We do not freely choose to be born with the stain of original sin–we do not freely choose to place our souls into human embryos. God chooses that we are born with original sin even though He has the power to prevent it.

    He creates us sinless, and then He forces us to be stained with original sin.

    And then He threatens us with eternal damnation for something which we did not freely choose, which He did to us.

    Is this true? Or am I missing something?

    Liked by 1 person

  6. David says:

    Thanks very much for this Thomas.

    I think this is a superb statement of the case for why God must be a simple – and why God also, precisely because he is simple, must also be said to be an infinite act of understanding – and therefore must know all contingent facts. Bravo!


    However I did want to note that I find the phrase “God knows everything because he knows himself” to be not very helpful and potentially misleading. I know it is fairly common in the tradition but I think this language risks implying that God looks at himself and – on account of what he ‘sees’ in His nature – knows what is going on in the world, as though something were different in God which tells him ‘what’s what’ about the world. However the whole point of simplicity is to say that God there is nothing in God that is different as a result of the world – that God is not specified by the world. And if there is nothing in God that is different on account of the world, then it seems that there isn’t anything in God from which one could ‘read’ what is going in the world (unlike, say, how knowing the current velocity of a ball allows me to ‘read’ where it will be in ten minutes – and that I can therefore know both what the ball is doing now and what it will be doing in the future in just one act, without having a separate act of understanding or a distinct observation of the ball in ten minutes). Or to put it another way, if a human being – per impossible – could understand see the divine nature, they wouldn’t automatically know everything. Why? Because the divine nature is the same whether X happened or not-X happened – and therefore knowing the divine nature reveals diddlysquat about X.

    Now I don’t *think* that’s what you’re saying. I guess ‘God knows himself’ could be seen as a kind of circumlocution for ‘God knows the infinite (which is Himself)’ and from there we get the argument that that which is infinite cannot exclude the finite, embraces all things, is infinite being, an infinite act of understanding, etc. and therefore God must be omniscient. Which I think is correct. Do you think that’s fair?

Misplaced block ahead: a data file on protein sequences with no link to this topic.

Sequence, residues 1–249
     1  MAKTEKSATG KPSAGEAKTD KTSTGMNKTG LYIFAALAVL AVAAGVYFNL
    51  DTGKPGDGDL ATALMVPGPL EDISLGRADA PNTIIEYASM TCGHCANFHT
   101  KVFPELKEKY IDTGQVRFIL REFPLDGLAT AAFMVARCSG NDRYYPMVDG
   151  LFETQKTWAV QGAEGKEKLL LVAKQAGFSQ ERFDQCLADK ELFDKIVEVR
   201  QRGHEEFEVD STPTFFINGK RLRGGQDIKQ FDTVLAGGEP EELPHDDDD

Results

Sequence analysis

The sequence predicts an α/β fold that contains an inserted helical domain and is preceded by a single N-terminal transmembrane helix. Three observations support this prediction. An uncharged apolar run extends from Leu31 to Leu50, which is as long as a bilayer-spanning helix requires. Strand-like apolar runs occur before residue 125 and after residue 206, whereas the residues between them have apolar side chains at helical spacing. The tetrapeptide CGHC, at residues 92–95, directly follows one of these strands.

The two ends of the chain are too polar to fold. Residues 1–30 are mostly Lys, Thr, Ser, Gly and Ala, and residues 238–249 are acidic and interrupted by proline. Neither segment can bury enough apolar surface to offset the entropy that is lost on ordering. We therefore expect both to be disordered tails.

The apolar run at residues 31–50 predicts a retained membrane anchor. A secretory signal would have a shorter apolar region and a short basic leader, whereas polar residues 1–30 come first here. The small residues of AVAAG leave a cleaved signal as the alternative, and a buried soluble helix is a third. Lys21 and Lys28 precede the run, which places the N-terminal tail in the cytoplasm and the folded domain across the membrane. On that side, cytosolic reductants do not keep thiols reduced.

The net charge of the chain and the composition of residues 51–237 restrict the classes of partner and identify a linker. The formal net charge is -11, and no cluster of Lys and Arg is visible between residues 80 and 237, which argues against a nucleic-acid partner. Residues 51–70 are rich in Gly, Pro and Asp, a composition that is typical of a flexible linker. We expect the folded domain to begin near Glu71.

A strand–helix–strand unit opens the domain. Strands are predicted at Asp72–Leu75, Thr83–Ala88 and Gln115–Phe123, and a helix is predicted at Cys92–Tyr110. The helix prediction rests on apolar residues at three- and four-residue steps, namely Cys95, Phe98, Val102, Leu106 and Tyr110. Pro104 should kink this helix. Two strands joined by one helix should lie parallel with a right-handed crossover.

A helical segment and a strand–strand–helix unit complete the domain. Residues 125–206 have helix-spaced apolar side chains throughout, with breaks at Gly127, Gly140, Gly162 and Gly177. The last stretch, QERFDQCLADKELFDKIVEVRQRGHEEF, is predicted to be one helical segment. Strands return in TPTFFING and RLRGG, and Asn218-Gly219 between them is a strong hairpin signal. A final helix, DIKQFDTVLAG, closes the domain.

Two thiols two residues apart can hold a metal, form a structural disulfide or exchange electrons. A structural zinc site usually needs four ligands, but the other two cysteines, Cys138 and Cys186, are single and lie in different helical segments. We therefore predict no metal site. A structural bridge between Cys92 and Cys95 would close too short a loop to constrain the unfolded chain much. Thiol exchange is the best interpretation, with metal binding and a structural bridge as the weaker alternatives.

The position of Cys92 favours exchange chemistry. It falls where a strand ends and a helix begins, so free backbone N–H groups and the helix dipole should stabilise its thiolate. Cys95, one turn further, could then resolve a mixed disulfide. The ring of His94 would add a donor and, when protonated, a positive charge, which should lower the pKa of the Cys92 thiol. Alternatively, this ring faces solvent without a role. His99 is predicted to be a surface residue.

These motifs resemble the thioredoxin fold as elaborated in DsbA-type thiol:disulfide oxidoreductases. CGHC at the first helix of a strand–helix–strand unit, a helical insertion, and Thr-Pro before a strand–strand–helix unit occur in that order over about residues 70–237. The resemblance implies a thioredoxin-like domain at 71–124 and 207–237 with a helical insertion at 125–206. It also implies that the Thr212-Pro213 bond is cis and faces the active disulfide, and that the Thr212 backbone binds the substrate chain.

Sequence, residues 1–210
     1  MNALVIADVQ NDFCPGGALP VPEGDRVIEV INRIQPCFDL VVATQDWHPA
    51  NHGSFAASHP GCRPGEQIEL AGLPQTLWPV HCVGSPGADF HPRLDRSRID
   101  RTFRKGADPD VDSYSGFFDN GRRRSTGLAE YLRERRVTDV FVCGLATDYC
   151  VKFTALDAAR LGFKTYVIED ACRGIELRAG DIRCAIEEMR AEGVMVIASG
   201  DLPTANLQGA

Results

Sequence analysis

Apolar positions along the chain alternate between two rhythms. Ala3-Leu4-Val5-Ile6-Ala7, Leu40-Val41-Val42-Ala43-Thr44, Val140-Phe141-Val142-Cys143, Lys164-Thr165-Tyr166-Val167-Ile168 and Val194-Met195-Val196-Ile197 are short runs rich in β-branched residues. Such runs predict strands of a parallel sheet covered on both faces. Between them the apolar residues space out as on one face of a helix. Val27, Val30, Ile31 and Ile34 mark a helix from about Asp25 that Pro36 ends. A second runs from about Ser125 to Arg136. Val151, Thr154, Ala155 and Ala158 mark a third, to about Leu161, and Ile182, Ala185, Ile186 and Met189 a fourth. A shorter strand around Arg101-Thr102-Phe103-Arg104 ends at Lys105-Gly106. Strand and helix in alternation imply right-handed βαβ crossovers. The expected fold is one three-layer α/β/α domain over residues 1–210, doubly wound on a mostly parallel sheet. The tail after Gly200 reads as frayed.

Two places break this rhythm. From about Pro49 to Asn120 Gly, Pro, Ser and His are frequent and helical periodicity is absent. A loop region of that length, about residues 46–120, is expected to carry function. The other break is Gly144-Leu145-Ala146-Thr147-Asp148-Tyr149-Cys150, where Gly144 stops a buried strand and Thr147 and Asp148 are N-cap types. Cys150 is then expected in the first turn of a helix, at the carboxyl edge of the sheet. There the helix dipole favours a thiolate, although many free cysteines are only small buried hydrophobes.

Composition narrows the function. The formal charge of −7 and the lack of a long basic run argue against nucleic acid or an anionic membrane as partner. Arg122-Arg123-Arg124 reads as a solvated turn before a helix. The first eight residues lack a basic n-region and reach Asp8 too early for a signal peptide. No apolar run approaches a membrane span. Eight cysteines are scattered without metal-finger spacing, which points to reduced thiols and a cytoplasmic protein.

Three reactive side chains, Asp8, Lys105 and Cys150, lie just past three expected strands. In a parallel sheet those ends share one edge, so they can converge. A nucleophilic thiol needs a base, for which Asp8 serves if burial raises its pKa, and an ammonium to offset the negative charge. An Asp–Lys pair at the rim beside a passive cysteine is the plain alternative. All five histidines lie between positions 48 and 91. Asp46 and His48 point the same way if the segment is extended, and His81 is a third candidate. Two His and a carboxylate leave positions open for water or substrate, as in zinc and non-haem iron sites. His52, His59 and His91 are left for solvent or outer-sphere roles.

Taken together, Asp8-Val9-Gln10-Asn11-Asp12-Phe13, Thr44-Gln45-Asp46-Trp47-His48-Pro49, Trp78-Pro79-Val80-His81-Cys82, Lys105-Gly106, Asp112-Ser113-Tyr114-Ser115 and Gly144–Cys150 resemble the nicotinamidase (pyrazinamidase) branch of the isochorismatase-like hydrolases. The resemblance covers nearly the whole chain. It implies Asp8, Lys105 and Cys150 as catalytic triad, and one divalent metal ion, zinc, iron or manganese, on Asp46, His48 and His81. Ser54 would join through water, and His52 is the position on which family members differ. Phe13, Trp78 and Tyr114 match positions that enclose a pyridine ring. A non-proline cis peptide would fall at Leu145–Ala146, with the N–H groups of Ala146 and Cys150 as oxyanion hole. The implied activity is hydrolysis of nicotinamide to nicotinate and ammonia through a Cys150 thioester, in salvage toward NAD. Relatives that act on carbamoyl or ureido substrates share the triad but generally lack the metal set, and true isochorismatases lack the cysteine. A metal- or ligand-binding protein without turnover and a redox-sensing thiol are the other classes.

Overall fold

Likewise I don’t think the comparisons regarding arithmetic – that the better you understand, the more you are grasping everything in one underlying act, rather than separate acts of reasoning – is helpful. I agree that it is true as far as it goes. But the reason why we can grasp all individual sums in one act, simply by understanding the idea of numbers more generally, is because the very nature of logic and numbers implies that all those individual sums are necessarily ‘built in’ to the nature of numbers – or to put it another way, the nature of numbers automatically includes and determines all finite mathematical operations. This is how we only need one act of understanding numbers to understand all sums.

    However the same if not true of the relationship between contingent truths about the world and the divine nature. The totality of contingent truths – the whole finite world – is not ‘built in’ to the nature of God. Or at least it’s not unless the divine nature automatically and necessarily determines the world.

    For reasons related to the above, I’m also not convinced that you’ve demonstrated that determinism is not a worry. You’ve shown that God is infinite and that God knows everything, but I don’t see a strong demonstration for how these two facts actually hold together. For example one might hold:

    1) God is an unrestricted act of understanding, and therefore must know everything.
    2) But at the same time one could hold to a theory of knowledge which says ‘the of understanding X’ is intrinsically different to ‘the act of understanding not-X’.